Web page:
The Emerging Learning Design Journal

Document Type



Despite the fact that the field of rhetoric and composition has been closely allied to the digital humanities for many years, instructors in these disciplines often remain on their own in terms of adopting, implementing, and evaluating digital technologies. While theoretical scholarship in digital rhetoric is advancing, instructional practices lag behind. Surveying 72 doctoral-granting rhetoric and composition programs, researchers found innovation in the implementation of new media comes primarily from solitary instructors (Anderson and McKee, 74). This article presents several ways in which writing instructors can leverage digital spaces to improve their pedagogies. In particular, the article focuses on digital spaces that James Gee calls “affinity spaces”. While Gee’s notion of affinity spaces often refers to gaming, the concept may be expanded to include virtual spaces that learners visit voluntarily such as blogs, ezines, social media sites, and digital backchannels. By leveraging such spaces, and implementing them using Michelene Chi and Ruth Wylie’s ICAP (Interactive, Constructive, Active, and Passive) framework, writing instructors can construct powerful learning environments. These digital spaces are not only part and parcel of the digital humanities; they are prime territory for engaging students in rhetorical processes – whether analyzing rhetorical messages or generating rhetorical artifacts.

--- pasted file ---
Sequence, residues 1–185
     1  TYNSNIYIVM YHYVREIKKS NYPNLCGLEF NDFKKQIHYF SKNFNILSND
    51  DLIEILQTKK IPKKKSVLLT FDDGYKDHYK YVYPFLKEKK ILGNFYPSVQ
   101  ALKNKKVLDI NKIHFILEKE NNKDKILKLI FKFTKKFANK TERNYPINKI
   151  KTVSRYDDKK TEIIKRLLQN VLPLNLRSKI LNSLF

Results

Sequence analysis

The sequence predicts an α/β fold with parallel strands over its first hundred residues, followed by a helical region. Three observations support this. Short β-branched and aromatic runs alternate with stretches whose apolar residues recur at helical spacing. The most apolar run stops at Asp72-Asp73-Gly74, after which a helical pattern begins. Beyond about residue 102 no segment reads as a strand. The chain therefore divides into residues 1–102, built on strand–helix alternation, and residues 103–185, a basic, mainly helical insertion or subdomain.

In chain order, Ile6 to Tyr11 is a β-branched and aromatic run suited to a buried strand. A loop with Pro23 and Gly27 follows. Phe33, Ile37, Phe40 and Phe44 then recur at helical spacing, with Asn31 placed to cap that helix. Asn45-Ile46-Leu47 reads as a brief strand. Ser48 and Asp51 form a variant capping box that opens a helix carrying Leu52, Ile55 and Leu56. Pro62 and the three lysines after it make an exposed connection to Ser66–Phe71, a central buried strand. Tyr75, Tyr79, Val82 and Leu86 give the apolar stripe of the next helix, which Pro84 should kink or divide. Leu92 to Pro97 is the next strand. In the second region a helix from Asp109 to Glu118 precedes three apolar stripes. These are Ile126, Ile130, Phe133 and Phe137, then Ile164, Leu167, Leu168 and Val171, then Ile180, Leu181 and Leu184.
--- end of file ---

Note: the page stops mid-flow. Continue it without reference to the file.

To view the content in your browser, please download Adobe Reader or, alternately,
you may Download the file to your hard drive.

NOTE: The latest versions of Adobe Reader do not support viewing PDF files within Firefox on Mac OS and if you are using a modern (Intel) Mac, there is no official plugin for viewing PDF files within the browser window.